“It’s been a little difficult,” said Rivera, who said that he has still received “positive feedback” while campaigning across the city.
As president of the Roberto Clemente Little League and a longtime coach, Rivera said he often talks to residents and parents about the need for more recreation programs in the city.
“The city has recreation programs that end at age 16. But any parent will tell you, that’s the age when our youth needs an outlet like a recreation program the most,” Rivera said. “That’s the age when they become susceptible to street gangs, thugs in the community, hanging out with nothing to do but get in trouble.
He said that crime and quality of life issues were the top concerns of most voters he has met.
Perez, who is running with Healy, also admitted that “to some degree” it has been difficult getting his message out because of the attention being focused on the mayoral candidates.
“I think people don’t recognize that there are nine City Council seats that are running at the same time as the mayor,” Perez said. “A lot of my message is being carried out doing my door knocks and lit drops.”
Thus, he said he was grateful for the opportunity to participate in the recent at-large candidate forum held on April 18 at the Christa McAuliffe School.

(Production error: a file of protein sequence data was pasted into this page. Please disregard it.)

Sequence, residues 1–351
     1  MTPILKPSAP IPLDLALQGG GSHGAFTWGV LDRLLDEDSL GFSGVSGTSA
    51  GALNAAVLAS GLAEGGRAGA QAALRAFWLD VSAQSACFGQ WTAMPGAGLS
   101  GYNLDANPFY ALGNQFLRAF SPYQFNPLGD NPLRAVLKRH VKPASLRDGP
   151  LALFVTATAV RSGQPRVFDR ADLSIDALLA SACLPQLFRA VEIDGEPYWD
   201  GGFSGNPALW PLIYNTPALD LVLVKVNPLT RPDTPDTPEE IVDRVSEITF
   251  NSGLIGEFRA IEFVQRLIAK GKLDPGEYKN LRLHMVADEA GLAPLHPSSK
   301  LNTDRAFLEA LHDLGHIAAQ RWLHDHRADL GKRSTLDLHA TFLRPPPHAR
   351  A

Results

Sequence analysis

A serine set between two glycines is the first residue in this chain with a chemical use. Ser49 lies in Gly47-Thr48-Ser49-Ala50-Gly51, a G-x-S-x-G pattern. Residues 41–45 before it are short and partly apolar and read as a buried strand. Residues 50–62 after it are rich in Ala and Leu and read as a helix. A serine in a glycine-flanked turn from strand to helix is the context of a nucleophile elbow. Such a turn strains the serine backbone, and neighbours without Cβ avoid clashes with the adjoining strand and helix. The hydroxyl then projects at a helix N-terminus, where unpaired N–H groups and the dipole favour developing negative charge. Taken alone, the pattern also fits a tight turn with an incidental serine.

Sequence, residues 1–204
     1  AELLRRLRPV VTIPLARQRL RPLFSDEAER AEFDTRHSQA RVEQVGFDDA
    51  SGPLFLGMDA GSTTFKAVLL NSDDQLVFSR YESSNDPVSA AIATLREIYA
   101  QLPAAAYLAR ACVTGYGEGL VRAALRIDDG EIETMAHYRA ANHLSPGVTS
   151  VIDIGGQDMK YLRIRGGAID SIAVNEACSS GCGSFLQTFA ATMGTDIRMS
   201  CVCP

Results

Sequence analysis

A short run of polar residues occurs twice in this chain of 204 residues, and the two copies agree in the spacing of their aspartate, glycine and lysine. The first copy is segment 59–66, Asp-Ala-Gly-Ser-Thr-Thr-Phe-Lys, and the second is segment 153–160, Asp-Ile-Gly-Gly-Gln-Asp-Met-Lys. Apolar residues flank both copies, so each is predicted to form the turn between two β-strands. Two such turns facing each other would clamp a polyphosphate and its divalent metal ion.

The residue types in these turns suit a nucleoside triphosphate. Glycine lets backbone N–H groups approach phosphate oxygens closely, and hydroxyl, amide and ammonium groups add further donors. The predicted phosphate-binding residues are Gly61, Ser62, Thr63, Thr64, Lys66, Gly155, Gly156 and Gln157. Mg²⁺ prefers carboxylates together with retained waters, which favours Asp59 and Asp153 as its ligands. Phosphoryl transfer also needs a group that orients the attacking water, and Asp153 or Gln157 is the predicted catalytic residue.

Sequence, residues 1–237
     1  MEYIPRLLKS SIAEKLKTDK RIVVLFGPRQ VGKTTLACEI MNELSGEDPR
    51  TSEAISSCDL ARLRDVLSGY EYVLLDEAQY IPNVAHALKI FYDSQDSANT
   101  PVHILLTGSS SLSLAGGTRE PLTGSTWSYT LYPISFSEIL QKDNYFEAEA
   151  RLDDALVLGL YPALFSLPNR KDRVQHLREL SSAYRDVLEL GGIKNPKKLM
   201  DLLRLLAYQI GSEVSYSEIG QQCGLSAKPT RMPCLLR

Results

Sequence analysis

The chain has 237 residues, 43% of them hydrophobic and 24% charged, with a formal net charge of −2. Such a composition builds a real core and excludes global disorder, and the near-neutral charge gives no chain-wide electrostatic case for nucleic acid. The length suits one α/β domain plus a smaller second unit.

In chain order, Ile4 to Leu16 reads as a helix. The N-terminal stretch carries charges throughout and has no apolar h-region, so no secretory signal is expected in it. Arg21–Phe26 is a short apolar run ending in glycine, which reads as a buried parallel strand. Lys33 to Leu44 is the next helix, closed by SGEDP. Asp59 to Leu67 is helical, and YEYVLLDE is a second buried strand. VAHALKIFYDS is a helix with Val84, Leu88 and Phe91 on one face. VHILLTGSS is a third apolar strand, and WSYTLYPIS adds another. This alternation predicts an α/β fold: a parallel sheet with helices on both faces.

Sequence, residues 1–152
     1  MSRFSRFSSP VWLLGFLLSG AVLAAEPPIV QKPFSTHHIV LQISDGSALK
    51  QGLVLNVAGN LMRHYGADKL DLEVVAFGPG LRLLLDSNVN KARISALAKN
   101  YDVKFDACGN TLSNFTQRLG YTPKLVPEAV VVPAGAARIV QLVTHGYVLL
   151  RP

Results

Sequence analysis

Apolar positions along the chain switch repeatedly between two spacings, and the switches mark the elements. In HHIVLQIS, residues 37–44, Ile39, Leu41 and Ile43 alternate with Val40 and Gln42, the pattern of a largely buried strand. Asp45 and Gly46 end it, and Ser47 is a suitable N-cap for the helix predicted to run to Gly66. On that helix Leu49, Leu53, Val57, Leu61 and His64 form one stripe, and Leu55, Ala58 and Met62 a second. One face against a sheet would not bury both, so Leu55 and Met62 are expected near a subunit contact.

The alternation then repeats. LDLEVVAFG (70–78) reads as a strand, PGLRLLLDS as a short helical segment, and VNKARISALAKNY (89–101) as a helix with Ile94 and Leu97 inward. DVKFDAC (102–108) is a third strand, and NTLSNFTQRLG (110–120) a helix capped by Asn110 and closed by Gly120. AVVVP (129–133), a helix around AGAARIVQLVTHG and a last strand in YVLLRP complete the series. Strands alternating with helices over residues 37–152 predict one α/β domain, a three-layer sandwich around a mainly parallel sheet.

“This gives us an opportunity to share our ideas and what we stand for.”
Although he is running with Healy, Perez has admitted that the city can do a better job of communicating with residents. During last week’s at-large candidate forum in the Heights he noted that information regarding such services as recreational programs and recycling is available through the city’s municipal website, but may not be reaching residents effectively enough – something he would work to improve upon, if elected.
In addition to crime and the usual quality of life issues (litter, graffiti, dog waste on sidewalks, etc.), Perez said residents have expressed concerns about the need for better parking options throughout the city. He said he would favor creating municipal parking lots for residents, as has been done in some other Hudson County cities.
Watterman, who has thus far concentrated her campaigning efforts in wards A, F, and B said public safety is by far the top concern of people she has spoken to, but also identified speeding on residential streets as an emerging problem in the city.